KEROS ISLAND SURVEY - 2012
Type of Operation
BSA: ΚΑ' ΕΠΚΑ: 2nd EBA
Keros Island Survey. C. Renfrew (BSA/Cambridge), M. Marthari (Director Emerita KA' ΕΠΚΑ) and C. Dellaporta (Director, 2nd EBA) report on the first season of intensive survey.
The island was divided into 1584 one-hectare tracts, each sub-divided into five 20m segments. 18,082 segments were walked in 540 tracts: 34,306 sherds and 2,455 obsidian fragments were counted, and 1,903 sherds and 220 special finds collected. An intensive sampling methodology was adopted at two areas of interest (termed polygons): Polygon 1 was centred on modern Konakia and Polygon 2 lay further west on the north coast. Complete collection was carried out in 5m2 circles, with diagnostic ceramics and other special finds collected in 100m2 squares.
Geological and geomorphological study focused on the creation of a new geological map and cross-sections of the island, and the recording of geomorphological features, soil types and land-use practices. Single column profiles from exposed sections were cleaned, and the stratigraphic units described and sampled for grain size, organic carbon and calcium carbonate content to investigate depositional history and soil formation processes. C14 samples were taken where cultural material was noted. Specific exposed profiles were sampled for soil micromorphology and OSL dating. Geomorphic maps are being constructed for areas of archaeological investigation. The extensive terracing systems were also investigated: exposed profiles were recorded and sampled for sedimentological analysis and dating. Coring was conducted in specific terrace infills and foundations.
Preliminary chronological classification reflects the generally low presence of diagnostic feature sherds. Sherds classified as ‘Neolithic to Bronze Age' occur throughout the surveyed area: concentrations were found just north of the Kavos promontory, in the Gerani Beach area and under the modern site of Konakia. A fragment of EBII Talc Ware was found at Konakia. There is also strong evidence for a concentration of “MBA-LBA” sherds in the Gerani Beach area, with significant numbers of tripod cooking pot legs of Minoan type, and a bridge-spout from a jar. Many of these cooking pot legs are manufactured in the distinctive ‘patelia’ fabric known to originate from Amorgos (the ‘Dark Phyllite’ fabric from Kavos): few, if any, fabrics appear compatible with production on Crete itself.
Gerani and Konakia had dense sherd concentrations of particular periods. The low-hilltop of Gerani produced much Hellenistic black-glaze, while Konakia produced a significant range of pottery compatible with a Late Roman to Early Byzantine date, including numerous amphora handles of various types, beehives and African Red Slip. Both sites also had a smaller range of sherds of other periods, indicating a complex settlement pattern for the whole north central coast stretching sporadically from the Neolithic-Bronze Age until modern times.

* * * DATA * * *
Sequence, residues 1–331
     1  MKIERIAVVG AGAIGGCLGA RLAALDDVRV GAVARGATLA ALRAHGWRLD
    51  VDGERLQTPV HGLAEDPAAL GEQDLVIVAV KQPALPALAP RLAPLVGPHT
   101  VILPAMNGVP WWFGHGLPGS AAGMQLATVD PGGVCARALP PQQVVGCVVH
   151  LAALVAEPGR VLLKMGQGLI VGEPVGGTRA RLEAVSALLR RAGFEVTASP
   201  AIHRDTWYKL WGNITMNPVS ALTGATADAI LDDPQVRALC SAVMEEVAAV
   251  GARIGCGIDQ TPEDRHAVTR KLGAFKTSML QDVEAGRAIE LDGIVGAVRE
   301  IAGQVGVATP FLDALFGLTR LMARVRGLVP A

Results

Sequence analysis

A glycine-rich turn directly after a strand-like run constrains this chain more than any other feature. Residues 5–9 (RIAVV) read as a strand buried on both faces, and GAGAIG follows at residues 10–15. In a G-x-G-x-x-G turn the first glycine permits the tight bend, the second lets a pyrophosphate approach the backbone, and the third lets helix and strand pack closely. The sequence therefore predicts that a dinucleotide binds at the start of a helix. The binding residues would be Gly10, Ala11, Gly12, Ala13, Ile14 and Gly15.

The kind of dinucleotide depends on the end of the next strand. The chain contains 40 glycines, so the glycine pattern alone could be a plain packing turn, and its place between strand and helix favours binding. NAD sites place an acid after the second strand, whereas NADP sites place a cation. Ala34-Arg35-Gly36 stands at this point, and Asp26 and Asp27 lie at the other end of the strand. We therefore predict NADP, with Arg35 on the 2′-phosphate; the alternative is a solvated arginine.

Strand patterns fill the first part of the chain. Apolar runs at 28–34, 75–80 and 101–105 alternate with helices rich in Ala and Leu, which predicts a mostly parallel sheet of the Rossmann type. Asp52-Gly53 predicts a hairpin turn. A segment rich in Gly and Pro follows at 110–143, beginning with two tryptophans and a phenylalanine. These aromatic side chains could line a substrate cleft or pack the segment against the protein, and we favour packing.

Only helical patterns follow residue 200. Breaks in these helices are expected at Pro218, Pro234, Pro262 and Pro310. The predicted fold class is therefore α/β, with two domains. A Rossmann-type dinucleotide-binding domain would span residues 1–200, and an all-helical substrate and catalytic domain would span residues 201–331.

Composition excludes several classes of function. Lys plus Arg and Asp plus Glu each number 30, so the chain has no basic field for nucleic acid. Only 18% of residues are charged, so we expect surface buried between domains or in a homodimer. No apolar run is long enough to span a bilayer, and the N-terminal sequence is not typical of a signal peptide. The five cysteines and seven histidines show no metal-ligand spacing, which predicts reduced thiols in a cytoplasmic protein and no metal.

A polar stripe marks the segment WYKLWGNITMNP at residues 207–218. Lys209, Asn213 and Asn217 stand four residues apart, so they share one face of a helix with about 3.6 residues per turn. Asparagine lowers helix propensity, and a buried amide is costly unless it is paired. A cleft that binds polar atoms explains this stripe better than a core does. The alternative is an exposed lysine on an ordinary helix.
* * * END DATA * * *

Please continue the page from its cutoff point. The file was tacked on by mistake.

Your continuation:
Nine Early Cycladic figurine fragments were found, five in the Kavos area, three at Konakia and one near a recent household (‘tou Markou’) in the mountains above Konakia. Several worked marble bowl fragments were also recovered from Konakia and tou Markou, as well as a fragment of a very large palette. A few stone discs and flint tools were collected. The obsidian collection includes a number of irregular and wide blades as well as bladelet cores, and some irregular points and scrapers: it clearly differs from the well-ordered blade industry recovered from Dhaskalio and Kavos. It includes obsidian from Giali.
The emerging diachronic picture indicates a wide spread of cultural material and terracing systems over much of the northwest coastal region, extending to a significant extent inland. Since the sea level was ca. 3.5-5m lower during the Early Bronze Age, Bronze Age material now on the shore (where not washed down) relates to areas formerly inland. Terracing includes water management systems, sediment capture systems, and agricultural terraces. While these terraces are not yet dated, an initial impression suggests that in the Early Bronze Age, Archaic to Classical, and Roman periods, intensive terracing was utilised widely. There is a clear difference in habitation and use between lowlands and uplands. On the southwest side of the island, levels of cultural material are generally low and usually located close to sea level. Several important exceptions include the area known as Megalo Kastro.
A three-aisled church with three apses was recorded at Konakia, and a rectangular tower on the top of the low hill of Gerani. In addition to two houses and stables at Konakia, structures noted include a dairy farmstead at Mourisma to the south of Megalo Kastro, and animal pens in Gerani in Azoiria. Two wells remain in use at Gerani and at Vlyhada to the south, plus cisterns at Konakia and close to the church of the Panagia.
In the southeast of the island is evidence of a post-medieval farming system on a high-elevation plateau which contrasts with the relatively poor agriculture land elsewhere. There are indications of prehistoric agricultural exploitation but not yet concentrations of population comparable to those now well-established in the region of Konakia on the island’s northwestern slopes.
Unpublished BSA Report
Date of creation